Global auto majors Hyundai Motors and Mitsubishi have commenced production and Ford car project will commence production in October 1999. Information Technology (IT) has become a thrust area in the industrial scene of Tamil Nadu and the Government has announced the IT policy. TIDEL, a software technology park is being established in Tharamani, Chennai. Also, TANITEC, an institute of excellence for IT education has been established in Chennai. Major minerals of the state are lignite, limestone, magnasite, mica, quartz, salt, bauxite and gypsum. The state is an important exporter of tanned skin and leather goods, yarn, tea, coffee, spices, engineering goods, tobacco, handicrafts and black granite.

Road :
The length of roads network in Tamil Nadu is 1.76 lakh km of which surface road is 1.38 lakh km.

Railways :
The total length of railways is 3,991 km with 626 railway stations, the main junctions being Chennai, Madurai, Tiruchirapalli and Coimbatore.

Aviation :
Chennai being the international airport in the southern region, is the main centre of airline routes. Besides, there are airports at Tiruchirapalli, Madurai, Coimbatore and Salem.

Ports :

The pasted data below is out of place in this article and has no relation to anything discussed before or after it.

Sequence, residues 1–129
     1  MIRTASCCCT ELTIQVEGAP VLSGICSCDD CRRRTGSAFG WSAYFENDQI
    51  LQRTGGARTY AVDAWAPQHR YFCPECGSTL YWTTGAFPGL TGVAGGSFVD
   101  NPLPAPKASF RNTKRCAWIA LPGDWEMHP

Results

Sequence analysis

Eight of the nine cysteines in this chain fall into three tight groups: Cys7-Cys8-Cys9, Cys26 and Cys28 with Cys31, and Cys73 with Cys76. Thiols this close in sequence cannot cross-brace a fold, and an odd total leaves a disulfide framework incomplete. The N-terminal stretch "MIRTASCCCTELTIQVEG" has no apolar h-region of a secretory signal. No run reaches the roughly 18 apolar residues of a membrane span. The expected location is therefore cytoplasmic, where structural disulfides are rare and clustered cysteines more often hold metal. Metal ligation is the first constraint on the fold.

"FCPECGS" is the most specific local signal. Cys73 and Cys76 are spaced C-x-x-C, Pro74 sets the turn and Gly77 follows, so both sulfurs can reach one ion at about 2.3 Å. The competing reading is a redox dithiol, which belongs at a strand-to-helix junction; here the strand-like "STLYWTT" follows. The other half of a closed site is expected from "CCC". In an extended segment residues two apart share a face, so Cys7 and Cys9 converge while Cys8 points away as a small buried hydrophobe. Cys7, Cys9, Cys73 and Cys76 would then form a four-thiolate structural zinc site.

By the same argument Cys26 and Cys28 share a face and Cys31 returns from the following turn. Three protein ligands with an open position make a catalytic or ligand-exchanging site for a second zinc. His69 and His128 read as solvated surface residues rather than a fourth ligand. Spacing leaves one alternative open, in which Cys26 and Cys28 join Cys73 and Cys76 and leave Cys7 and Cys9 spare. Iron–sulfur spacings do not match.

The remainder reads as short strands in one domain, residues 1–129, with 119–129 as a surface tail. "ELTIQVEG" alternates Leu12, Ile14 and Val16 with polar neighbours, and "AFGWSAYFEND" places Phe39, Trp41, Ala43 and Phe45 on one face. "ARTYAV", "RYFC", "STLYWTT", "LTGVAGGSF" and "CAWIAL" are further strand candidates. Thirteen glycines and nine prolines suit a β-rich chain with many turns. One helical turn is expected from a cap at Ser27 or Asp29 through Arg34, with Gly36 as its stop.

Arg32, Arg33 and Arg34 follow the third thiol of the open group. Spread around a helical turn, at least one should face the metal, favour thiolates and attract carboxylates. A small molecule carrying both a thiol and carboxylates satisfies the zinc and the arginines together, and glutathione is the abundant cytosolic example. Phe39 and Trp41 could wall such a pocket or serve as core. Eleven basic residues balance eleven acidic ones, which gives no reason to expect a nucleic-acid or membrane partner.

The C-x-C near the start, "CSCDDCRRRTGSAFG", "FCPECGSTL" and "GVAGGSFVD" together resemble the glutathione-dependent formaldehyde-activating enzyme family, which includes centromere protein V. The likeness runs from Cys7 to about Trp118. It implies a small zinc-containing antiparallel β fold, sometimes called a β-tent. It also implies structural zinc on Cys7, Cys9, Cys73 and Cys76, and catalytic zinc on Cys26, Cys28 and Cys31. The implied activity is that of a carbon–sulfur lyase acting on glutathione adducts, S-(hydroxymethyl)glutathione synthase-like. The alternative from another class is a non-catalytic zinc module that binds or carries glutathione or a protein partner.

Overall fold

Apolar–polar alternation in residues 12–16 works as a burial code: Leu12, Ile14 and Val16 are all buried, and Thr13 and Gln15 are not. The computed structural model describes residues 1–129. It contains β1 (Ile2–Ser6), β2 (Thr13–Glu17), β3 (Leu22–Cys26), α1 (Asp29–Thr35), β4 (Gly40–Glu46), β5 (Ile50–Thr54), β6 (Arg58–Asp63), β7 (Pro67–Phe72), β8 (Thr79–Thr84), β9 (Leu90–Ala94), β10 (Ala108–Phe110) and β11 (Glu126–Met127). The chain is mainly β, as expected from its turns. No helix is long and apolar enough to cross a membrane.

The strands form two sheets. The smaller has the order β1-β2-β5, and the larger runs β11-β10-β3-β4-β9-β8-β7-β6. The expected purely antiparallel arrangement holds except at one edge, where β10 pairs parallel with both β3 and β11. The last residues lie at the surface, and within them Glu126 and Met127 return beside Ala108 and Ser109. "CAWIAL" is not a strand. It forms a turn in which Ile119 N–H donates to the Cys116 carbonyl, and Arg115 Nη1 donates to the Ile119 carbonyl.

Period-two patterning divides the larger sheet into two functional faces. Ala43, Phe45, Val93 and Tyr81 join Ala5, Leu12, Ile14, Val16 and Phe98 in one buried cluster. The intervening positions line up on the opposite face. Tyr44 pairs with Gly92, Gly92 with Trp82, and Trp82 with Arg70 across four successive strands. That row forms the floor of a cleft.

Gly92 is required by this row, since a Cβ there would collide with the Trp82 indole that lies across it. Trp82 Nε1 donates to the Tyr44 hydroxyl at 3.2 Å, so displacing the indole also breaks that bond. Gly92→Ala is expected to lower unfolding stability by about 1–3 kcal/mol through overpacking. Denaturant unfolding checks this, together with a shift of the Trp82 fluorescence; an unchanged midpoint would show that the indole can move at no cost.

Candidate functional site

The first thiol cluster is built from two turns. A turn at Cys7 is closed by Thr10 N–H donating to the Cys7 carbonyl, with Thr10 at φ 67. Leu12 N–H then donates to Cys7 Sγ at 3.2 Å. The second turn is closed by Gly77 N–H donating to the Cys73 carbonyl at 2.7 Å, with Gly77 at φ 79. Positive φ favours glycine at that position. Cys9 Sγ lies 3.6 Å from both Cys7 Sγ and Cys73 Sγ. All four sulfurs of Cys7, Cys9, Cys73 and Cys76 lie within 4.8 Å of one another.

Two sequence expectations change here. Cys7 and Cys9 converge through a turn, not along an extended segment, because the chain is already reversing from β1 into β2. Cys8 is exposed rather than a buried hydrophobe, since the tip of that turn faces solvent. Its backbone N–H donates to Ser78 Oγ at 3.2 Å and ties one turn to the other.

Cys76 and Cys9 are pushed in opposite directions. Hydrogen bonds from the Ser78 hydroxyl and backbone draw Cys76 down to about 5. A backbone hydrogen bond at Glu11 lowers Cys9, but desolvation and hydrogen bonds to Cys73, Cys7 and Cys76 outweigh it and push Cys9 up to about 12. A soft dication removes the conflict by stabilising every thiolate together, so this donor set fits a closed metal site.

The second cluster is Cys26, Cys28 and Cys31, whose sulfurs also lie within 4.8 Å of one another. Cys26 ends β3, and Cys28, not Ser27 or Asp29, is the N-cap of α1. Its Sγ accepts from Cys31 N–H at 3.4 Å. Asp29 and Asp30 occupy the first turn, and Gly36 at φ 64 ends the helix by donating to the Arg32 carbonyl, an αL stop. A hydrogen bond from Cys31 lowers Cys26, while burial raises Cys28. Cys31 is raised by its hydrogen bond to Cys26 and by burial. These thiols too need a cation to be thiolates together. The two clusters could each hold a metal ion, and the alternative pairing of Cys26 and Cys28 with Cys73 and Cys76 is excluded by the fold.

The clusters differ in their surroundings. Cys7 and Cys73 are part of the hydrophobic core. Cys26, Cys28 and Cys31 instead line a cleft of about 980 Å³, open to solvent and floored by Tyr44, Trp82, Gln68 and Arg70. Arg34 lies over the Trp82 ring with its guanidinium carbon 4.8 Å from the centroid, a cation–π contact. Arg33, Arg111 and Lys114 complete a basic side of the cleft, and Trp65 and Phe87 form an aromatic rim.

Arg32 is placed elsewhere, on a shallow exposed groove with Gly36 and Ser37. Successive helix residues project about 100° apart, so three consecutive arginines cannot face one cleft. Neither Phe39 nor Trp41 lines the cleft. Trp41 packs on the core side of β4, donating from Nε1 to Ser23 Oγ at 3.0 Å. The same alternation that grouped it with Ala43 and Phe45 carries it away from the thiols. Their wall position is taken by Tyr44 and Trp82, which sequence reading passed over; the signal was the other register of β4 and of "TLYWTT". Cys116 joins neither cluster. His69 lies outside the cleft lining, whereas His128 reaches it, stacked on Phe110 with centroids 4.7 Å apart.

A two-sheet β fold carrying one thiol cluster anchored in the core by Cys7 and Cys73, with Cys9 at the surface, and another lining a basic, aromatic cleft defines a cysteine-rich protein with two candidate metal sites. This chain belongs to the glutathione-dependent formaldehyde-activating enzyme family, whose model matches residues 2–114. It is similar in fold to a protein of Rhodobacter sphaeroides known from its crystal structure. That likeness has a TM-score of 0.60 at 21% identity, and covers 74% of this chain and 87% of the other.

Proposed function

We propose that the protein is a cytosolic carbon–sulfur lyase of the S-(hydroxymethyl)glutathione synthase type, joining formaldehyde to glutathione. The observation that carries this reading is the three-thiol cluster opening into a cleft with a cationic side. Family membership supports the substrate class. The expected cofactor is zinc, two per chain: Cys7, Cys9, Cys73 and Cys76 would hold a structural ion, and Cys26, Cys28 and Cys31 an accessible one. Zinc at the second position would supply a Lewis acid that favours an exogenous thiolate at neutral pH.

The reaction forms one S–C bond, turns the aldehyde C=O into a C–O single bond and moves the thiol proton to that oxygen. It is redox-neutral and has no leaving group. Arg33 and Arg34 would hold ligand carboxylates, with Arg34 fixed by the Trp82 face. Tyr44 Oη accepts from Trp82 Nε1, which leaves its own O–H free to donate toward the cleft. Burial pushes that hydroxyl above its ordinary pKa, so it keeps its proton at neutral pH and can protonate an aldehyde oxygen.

Major ports in the State are Chennai and Tuticorin. There are seven other minor ports including Cuddalore and Nagapattinam.

Festivals :
Pongal: Pongal is the harvest festival celebrated by the farmers in January to worship the sun, the earth and the cattle as thanks giving for a bounteous harvest. Pongal festival is followed by the Jallikattu-Bull fight, Tamil Nadu style in some parts of southern Tamil Nadu. Alanganallur in Tamil Nadu is internationally famous for Jallikattu-Bull fight.

Chithirai Festival Madurai: Madurai brings a spectacular re-enactment of the marriage of the Pandiyan princess Meenakshi to Lord Sundareswarar.

Adipperukku: Adipperukku is a festival celebrated on the 18th day of Tamil month, Adi, on the banks of rivers. It marks the commencement of new farming operations.

Dance Festivals - Mamallapuram: Set before an open-air .stage. created 13 centuries ago the incredible monolithic rock sculptures of the Pallavas, next to the sea in this ancient city of Mamallapuram, lovers of dance will be treated to a very unique and unforgettably aesthetic event: Bharatha Natyam, Kuchipudi, Kathakali and Odissi, presented by the very best exponents of the art besides folk dances.

Natyanjali Dance Festival: The temple city of Chidambaram pays special tribute to Lord Nataraja the .Cosmic dancer.

Mahamagam Festival: A holy festival that brings pilgrims to Kumbakonam once in 12 years - the temple city that gets its name from Kumbha - the divine pot.

Summer Festival: The summer festival is held every year in the .Queen of Hill Stations., the evergreen Ooty, the exquisite Kodaikkanal or the salubrious heights of Yercaud.

Kanthuri Festival: A truly secular festival - where devotees flock to the shrine of saint Quadirwali. One of the descendants of the Saint is chosen as a Peer or spiritual leader and is honoured with offerings. On the tenth day of the festival, the Saint.s tomb is annointed with sandalwood and later the holy sandal paste is distributed to everyone.